George Washington Carver tended a secret garden of flowers before becoming known for his skill in agriculture.
The book opens in 1921 as Carver addresses the U.S. Congress, astounding them with dozens of uses for the peanut. The narration then takes readers back to Carver’s childhood to discover how he reached that career highlight. As a child, he loved flowers, but he was warned not to waste time on plants that couldn’t be eaten or sold, so he kept his colorful garden hidden in the woods. Shut out of schools because he was black, he studied nature independently and learned through experimentation. Eventually, he started caring for neighbors’ sick plants, becoming known as “the Plant Doctor.” At 12, he left the farm on which he was raised and attained a formal education, after which he taught students at the Tuskegee Institute and farmers with a mobile classroom mounted on a wagon. This journey through Carver’s childhood and accomplishments ends with Carver’s simple but memorable words, “Regard Nature. Revere Nature. Respect Nature.” The substantial text holds readers on each spread long enough to appreciate not only the subject matter of the painted illustrations, but Morrison’s artistic techniques—strong strokes and careful dots, artful combinations of textures and shapes—which create lush forest scenes and portraitlike human faces and forms. The childhood story feels more cohesive than the final pages, which list his adult accomplishments but lack the narrative thread.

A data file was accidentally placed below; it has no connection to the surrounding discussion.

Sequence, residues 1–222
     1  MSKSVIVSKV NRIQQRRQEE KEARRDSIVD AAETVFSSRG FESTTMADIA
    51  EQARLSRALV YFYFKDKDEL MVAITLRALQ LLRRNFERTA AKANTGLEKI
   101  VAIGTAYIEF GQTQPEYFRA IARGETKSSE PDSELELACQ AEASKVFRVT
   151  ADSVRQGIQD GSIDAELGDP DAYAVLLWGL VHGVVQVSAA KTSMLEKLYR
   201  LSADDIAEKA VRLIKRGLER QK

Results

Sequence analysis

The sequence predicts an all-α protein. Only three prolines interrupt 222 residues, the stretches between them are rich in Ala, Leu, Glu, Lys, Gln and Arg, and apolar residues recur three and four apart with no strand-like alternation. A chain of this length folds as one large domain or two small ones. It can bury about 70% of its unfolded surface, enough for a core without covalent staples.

Memorable art earns this biography a respectable place on the shelf. (timeline, bibliography, further reading) (Picture book/biography. 4-9)